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Wednesday, July 22, 2009

A Directory of Greene County Farmers - 1900: Dawson Township

A Directory of Greene County Farmers - 1900: Dawson Township:
"200 Dawson Twp. 35 Danap. 23

McNulthy, A.488520Dawson Twp22Patonp. 23
Meyer, J. C.374160Dawson Twp18Patonp. 23
Meyer, John43580Dawson Twp9Patonp. 22
Meyers, F. J.43480Dawson Twp_?Churdanp. 23
Meyers, Phillip393310Dawson Twp18Patonp. 23
Miller, A.4610160Dawson Twp30Jeffersonp. 23
Miller, A.……"

Buffalo County, Nebraska, Obituary Extracts, Page 10

While searching online for a reference to a blog I did on family names Cummngs, Rowe, and Meyer; I found this obituary on
Dorothy Rowe Cummings.

I didn't realize it led to Ancestry.com until I came to finish this post.

Buffalo County, Nebraska, Obituary Extracts, Page 10: "Kearney Hub, 6 November, 2003



CUMMINGS, Dorothy O., 75, of Kearney died Thursday, Nov. 6, 2003, at Good Samaritan Hospital
Services: Wednesday at Horner-Lieske-Horner Mortuary
Burial: Kearney Cemetery
Memorials suggested to the church or the nursing scholarship program at Good Samaritan Hospital
Born March 13, 1928, on a farm near Payton, Iowa
Parents: Roscoe and Mabel (Meyer) ROWE
Graduated from Rockwell City High School, 1945; moved to Scottsbluff where she entered nurse's training school at Methodist General Hospital; graduated, 1949
Was employed as a floor supervisor at the hospital and as a private-duty nurse, 1949-1953
Married: Aug. 18, 1950, to Donald Cummings in Scottsbluff
Moved to Atkinson, 1953; to Kearney in 1955
In Kearney, worked as a nurse and surgical nurse at Good Samaritan Hospital; retired in 1979
Activities: had been a den mother for the Cub Scouts; was a member of the Riverbend Christian Fellowship Church in Grand Island, where she sang in the choir, and of the Kearney Country Club
Enjoyed following her children's school and sports activities
Survivors include her husband; sons, Wray and Kim, both of Lincoln, and Jerry of Mons, Belgium; and five grandchildren
Preceded in death by her parents and two brothers
Kearney Hub, 10 November, 2003"

Note: Scotts Bluff is a residence to remember as well. I will link you to the account of the family soon.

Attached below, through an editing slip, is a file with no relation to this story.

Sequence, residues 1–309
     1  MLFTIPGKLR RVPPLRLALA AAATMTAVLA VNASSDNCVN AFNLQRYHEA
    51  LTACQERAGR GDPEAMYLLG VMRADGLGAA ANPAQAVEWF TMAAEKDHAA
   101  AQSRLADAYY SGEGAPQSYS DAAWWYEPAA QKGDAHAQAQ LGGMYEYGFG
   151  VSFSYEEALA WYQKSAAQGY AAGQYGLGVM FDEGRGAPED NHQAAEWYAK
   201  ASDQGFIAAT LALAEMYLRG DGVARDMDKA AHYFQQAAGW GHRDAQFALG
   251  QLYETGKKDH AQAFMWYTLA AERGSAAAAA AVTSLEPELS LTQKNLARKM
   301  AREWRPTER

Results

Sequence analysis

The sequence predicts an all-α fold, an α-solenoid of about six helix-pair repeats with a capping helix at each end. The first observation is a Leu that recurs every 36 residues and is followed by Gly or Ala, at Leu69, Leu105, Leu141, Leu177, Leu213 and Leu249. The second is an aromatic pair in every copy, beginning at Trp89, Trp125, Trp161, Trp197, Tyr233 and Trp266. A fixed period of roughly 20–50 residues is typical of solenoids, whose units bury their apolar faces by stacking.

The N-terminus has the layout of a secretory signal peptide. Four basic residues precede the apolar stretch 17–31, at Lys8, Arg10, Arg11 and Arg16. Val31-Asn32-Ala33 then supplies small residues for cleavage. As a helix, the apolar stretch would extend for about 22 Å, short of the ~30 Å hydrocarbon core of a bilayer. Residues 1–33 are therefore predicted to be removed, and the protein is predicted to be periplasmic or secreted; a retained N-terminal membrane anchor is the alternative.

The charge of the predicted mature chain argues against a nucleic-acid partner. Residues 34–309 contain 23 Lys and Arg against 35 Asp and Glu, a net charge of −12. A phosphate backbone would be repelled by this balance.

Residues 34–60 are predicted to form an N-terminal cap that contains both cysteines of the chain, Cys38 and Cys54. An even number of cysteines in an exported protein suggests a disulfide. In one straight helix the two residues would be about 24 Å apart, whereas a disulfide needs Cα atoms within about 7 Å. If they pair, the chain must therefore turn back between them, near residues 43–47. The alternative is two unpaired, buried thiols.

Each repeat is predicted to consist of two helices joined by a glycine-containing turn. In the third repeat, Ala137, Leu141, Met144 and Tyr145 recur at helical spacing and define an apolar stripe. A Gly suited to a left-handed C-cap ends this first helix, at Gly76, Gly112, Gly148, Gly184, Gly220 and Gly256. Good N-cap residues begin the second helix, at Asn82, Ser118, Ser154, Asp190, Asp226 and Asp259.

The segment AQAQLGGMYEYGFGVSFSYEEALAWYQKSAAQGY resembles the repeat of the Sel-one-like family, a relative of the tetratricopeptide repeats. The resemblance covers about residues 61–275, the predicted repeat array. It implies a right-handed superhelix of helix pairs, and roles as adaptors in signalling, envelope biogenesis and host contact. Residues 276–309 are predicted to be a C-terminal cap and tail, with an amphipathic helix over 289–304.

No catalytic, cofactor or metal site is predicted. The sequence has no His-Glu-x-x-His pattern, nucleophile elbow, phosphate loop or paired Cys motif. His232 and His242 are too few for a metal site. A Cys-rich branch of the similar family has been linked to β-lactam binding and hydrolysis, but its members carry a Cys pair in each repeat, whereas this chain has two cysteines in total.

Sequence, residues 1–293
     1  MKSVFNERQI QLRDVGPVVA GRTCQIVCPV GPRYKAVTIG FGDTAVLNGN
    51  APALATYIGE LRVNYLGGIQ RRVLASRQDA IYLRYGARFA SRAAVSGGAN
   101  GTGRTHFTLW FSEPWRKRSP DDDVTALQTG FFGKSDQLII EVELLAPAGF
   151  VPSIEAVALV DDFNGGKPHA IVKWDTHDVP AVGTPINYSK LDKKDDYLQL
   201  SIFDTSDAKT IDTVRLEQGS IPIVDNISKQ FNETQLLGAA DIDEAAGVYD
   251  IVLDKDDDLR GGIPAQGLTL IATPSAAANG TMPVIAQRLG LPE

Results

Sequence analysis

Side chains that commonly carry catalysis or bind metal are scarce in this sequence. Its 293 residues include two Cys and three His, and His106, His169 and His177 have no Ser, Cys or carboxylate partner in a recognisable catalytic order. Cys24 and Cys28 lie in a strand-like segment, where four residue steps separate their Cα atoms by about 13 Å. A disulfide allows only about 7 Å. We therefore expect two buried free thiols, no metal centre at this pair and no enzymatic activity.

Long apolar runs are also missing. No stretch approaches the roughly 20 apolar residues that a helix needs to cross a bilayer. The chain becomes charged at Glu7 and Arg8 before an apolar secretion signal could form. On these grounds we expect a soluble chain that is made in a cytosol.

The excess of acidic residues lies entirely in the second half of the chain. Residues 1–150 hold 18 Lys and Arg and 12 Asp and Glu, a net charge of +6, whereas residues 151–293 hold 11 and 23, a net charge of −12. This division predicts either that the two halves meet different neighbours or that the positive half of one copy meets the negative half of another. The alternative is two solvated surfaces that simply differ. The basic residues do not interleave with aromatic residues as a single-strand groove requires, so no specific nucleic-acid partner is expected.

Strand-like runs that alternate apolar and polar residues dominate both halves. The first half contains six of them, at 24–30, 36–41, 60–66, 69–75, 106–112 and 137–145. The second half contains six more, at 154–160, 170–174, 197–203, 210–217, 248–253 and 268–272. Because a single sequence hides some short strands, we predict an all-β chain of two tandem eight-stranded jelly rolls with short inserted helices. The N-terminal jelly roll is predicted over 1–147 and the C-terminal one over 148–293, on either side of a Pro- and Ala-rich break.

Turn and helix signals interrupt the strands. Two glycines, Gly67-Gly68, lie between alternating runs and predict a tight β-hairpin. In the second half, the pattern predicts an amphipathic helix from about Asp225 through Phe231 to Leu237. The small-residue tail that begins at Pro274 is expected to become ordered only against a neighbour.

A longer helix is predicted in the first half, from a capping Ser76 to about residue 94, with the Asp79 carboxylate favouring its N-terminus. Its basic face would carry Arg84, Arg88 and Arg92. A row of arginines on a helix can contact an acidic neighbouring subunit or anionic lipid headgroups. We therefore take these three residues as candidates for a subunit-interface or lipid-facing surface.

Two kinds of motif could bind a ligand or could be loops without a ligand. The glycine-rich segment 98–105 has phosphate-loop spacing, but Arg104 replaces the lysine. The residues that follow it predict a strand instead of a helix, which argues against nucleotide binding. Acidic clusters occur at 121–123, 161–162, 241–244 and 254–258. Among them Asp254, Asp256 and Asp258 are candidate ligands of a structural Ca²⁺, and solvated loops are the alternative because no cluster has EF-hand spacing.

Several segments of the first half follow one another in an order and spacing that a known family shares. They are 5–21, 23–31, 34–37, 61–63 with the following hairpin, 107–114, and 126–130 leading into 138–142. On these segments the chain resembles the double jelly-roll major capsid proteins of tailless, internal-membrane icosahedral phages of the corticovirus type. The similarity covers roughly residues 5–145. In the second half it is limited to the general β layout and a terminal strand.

jo arootdigger


Sunday, July 19, 2009

German's - Lowlands-L • a discussion group for people who share an interest in languages and cultures of the Lowlands

Maybe you don't realize that the northern part of germany is low in topographics scale. The rivers run north. Maybe this is why the area of north germany is called the Low Lands. I should see if I can find a map that outlines these low lands. I had forgotten that my family and others in this north region by the Elbe river speak " Low German or Platte Dutsch. I am hoping that I reveal this all correct. Recently I googled a few sites to learn more since someone recently as far back as January mentioned that our families of Luneburg regions speak this Low German. I have been using the translators blindly forgetting that little piece of advice.
I am sure you would like to learn more. Clicking my link will bring an adventure to a lot fun and serious reading about the use of Low german.

Lowlands-L • a discussion group for people who share an interest in languages and cultures of the Lowlands: "What are “Lowlands languages and cultures”?
“Lowlands languages” are those Germanic languages that developed in the “Lowlands” the low-lying areas adjacent to the North Sea and the Baltic Sea. These are primarily Dutch, Zeelandic (Zeeuws, West Flemish), Frisian, Limburgish and Low Saxon (Low German). Also included are those languages that descended from autochtonous Lowlands languages and are used elsewhere; for example, Afrikaans, Lowlands-based emigrant languages, pidgins and creoles, and also English and Scots. “Lowlands cultures” are those cultures that utilize Lowlands languages or are clearly derived from such cultures."


jo arootdigger 

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